A once-valued skill has fallen by the wayside -- but our kids will need it even more than we do.
You probably have a pretty good idea how well your teenager can write, how good her reading comprehension is, and how easily she solves math problems. But here's a question to consider: Can your high-school student extract the meaning from a chart or graph?
Okay, let's stipulate that your kid probably can. What do you think about your neighbor's kid? Do you think he knows how to read a visual display of quantitative information? There's a very good chance he can't. And that's a problem.
The education world seems always aflutter with controversies over how best to teach students to write or what's the most effective way to teach mathematics. While these are important matters, involving real problems, there are other gaps and failings that also deserve attention.
I taught for the past 10 years in an independent high school for girls. Not long after starting there, I discovered that many of my students had limited ability to derive and summarize the main message from fairly straightforward charts and graphs like this one, comparing the crime rate to unemployment in the US over a twenty-year period:
A Collaboration Between Good and Part & Parcel
When I raised the subject at a faculty meeting one day, my comment elicited wide agreement. The ensuing discussion revealed that kids handled these kinds of tasks well in science and math classes, but the skills didn't seem to transfer over to other subject areas such as the social sciences and history.
Now, this problem is surely not universal. There are certainly students who can handle these cognitive tasks well in any context. But an alarming percentage cannot. (I have not been able to find hard numbers on this and will be grateful to anyone who can provide them.)
Part of the explanation, I suspect, is a simple aversion on the part of many to anything that smacks of math. I know; I'm in that category. I'm one of those people whose skills at extracting information from graphs and charts are stunted because I avoided developing them, preferring to rely on the accompanying text to tell me the important points I needed to know from a complicated table or graph.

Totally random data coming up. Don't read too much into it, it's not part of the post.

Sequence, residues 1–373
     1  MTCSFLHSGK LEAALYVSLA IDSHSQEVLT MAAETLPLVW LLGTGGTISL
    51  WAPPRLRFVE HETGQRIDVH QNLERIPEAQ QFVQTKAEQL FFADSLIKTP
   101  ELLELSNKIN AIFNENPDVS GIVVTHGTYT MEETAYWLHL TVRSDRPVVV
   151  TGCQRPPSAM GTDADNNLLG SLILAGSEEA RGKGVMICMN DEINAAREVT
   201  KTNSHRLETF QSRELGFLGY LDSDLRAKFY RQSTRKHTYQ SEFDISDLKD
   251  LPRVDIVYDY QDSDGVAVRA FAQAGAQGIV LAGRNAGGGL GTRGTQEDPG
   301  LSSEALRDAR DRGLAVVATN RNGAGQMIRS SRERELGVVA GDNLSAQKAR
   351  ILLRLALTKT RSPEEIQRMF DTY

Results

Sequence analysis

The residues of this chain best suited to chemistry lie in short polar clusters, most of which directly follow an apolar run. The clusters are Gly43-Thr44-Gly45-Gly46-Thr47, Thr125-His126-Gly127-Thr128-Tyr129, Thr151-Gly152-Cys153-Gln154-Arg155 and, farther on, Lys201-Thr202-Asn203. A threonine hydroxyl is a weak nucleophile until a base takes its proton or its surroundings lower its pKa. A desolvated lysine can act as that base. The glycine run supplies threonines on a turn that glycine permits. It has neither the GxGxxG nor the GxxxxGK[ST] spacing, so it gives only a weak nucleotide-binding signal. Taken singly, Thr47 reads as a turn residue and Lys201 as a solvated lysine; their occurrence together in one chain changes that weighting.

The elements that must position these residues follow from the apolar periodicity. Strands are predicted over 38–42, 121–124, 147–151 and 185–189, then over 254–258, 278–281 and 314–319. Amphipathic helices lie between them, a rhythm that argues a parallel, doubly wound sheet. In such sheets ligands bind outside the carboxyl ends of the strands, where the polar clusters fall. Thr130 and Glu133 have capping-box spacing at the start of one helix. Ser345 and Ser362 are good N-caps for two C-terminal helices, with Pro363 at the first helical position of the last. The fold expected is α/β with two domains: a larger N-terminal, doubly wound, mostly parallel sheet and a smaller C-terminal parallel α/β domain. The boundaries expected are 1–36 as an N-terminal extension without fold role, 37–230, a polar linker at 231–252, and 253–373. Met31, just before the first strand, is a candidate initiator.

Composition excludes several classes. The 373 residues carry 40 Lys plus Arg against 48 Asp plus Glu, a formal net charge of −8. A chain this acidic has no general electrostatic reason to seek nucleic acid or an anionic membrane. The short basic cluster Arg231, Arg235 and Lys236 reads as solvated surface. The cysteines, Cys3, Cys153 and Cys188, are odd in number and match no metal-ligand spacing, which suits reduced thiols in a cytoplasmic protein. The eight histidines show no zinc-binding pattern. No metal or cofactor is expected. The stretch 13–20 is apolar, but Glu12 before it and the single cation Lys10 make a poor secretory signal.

Another obstacle is that we all find it harder to extract meaning from graphs and charts in subject areas new to us. One study I found indicated that this is a widespread problem, showing that even professional scientists' abilities to interpret graphs "are highly contextual and are a function of their familiarity with the phenomena to which the graph pertains."
Still another reason for the difficulty some students have with visual displays of quantitative data is that many of the old standbys -- pie charts, line graphs, dot charts and point plots, histograms, pictographs, etc. -- are getting more complicated and are being supplemented, if not supplanted, by a mindboggling array of complicated and sophisticated new graphic forms, like this network diagram, showing the relationships, based on data about recorded meetings, between UK governmental ministers and British lobbyists:
These graphics are obviously the result of technological advancements, which make it easier to produce more complex graphs. (See Tony Hirst's description of the computer work involved in producing the diagram above.)
Newspapers and magazines carry more graphic representations of data than they used to, and the Web is full of this stuff. Another example:
The New York Times regularly provides good examples of these cutting-edge graphics. See this interactive chart, for example, which shows how swing states have shifted between the Republican and Democratic parties over the years.